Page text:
Burial sites are widely found in Africa especially in Nigeria. The historical, social, spiritual and heritage value of burial sites justifies their worth. Igboho Royal burial site is not an exception of these valuable heritages.
Igboho in Oorelope Local Government Area of Oyo State is a settlement located at a few kilometres to Oyo Alaafin town.It is a little farther from Sepeteri area, but very close to Igbeti town. The inhabitants are majorly farmers, hunters and traders. Igboho is regarded as the second physical and spiritual home of Oyo Alaafin before the present final settlement.
This forest called Igbo Oba meaning: The Royal Forest was specifically used to bury the first to the fourth Alaafin namely; Ofinran, Egungun Oju, Orompoto and Ajiboye, who reigned from late 15th to 16th century including the only female, powerful Alaafin and their tombs are still in Igboho till date. This is why the site is also called “Lord of the Royal Palace”.
This burial forest site is in the middle of the city of Igboho,directly opposite the palace of Aare of Igboholand. The chief, Aare of Igboho presently Chief I. Oyebisiis the only one (custodian) who leads and permits entrance to this forest. It is an expanse of land of about four acres left uncultivated for centuries. It is presently fenced round and put under lock for security and proper preservation purposes to curb the encroachment going on around the place. Local watch surveillances is placed on the site to further curb the excesses of people residing around the forest.
The forest is, and still retains the unique features of a typical forest with big trees like baobab, iroko, arere, iya etc. The graves of the past Alaafins were marked and a gate has been constructed to demarcate and to protect the sacred forest from encroachment. It is a sacred place where hunting, farming, cutting and any other activities such as burning are forbidden.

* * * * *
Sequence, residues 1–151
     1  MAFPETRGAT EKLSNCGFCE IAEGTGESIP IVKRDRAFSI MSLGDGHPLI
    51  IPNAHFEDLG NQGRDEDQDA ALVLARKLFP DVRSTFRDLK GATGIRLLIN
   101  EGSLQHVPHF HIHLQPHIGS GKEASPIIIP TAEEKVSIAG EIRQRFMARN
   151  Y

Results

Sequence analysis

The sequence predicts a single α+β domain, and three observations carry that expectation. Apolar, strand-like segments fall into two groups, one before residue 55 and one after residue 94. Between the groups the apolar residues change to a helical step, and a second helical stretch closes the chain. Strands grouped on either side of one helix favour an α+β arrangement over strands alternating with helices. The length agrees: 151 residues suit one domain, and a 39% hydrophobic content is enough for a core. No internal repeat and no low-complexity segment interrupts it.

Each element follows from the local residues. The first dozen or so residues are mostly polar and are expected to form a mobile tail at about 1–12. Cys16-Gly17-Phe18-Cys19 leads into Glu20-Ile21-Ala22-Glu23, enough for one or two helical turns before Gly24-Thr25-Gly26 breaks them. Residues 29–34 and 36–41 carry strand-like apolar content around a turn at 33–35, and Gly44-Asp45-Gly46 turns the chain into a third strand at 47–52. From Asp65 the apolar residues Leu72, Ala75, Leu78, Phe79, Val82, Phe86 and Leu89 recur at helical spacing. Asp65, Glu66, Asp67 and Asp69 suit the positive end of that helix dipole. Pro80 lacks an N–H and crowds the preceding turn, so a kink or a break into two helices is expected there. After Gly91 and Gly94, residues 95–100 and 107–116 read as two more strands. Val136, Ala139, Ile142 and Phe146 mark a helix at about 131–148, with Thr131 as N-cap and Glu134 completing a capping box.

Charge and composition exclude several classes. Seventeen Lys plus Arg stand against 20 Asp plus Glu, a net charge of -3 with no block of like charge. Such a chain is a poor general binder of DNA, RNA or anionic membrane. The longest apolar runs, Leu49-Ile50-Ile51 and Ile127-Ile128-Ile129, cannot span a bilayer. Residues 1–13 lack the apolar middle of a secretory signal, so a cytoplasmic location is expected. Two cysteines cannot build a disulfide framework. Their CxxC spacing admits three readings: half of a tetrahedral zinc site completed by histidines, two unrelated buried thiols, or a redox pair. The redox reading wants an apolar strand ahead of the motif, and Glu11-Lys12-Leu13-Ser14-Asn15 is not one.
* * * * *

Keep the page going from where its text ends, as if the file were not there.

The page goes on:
The first Alaafin’s tomb is in an enclosure as a sign of respect for him. No woman is allowed to enter, else she will lose her fertility immediately. The tomb of the other three Alaafins are located at different spots in the forest. Traditional clay pot was placed on each of the tomb as a sign of their importance in history and great personality.
The value of this burial site as a cultural heritage cannot be over emphasized. Politically,it gave a cultural identity and origin of people of Oyo. It teaches humility and total loyalty on the part of all the Aare of Igboho who had ruled to the present one, these are virtues that are rare to come by among people today.
Religiouswise, the burial site is used for spiritual worship in Igboholand, at a festival used to commemorate and celebrate the departure of the fifth Alafin, Oba Tella from Igboholand. Also, it is at the site the yam festival called (Odun Alayaba) is celebrated annually in September where worship takes place and people come for prayers.
Beside the four monumental tombs on the site, a point called Agbara Oyo serves as a powerful point of spiritual upliftment especially during the war in the ancient time. Even today, it was claimed that prominent people are still visiting the burial forest for spiritual consultations.
Socially,the royal forest also serves as a convergence point where all the people of Igboho land gather together yearly. It is also a tourist attraction in its own way as at present because, people visit for information and spiritual consultation till date.
The economic value of the site is numerous if well developed and packaged for tourism purposes. It can bring income to the government and other tourism stakeholders that participate in the development. Also, the host community will be enriched by the product of tourism supported activities that will be provided in exchange for money such as; transportation, accommodation, sales of souvenir, feeding, and provision of other services in the hospitality industry. Similarly, in the time of the yearly festival, the money spent by tourists that attended to witness the proceedings will be a boost for the economy of the town and the surrounding communities. These tourists can also donate some of the facilities needed at the site.
As a cultural heritage, it is necessary to get it developed to the standard that can be considered suitable for sustainable tourism.
Adeseye writes from National Museum, Ibadan.
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